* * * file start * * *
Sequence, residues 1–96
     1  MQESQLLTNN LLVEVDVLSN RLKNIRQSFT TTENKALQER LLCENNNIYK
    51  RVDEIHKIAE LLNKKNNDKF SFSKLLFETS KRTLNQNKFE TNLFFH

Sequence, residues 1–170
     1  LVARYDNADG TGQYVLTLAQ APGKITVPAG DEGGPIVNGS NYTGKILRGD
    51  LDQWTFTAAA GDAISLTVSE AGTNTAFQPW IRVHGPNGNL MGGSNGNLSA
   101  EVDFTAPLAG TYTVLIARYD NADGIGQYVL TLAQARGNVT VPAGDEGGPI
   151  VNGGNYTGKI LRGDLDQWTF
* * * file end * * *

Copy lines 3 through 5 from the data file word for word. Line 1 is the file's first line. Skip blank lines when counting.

    51  RVDEIHKIAE LLNKKNNDKF SFSKLLFETS KRTLNQNKFE TNLFFH

Sequence, residues 1–170
     1  LVARYDNADG TGQYVLTLAQ APGKITVPAG DEGGPIVNGS NYTGKILRGD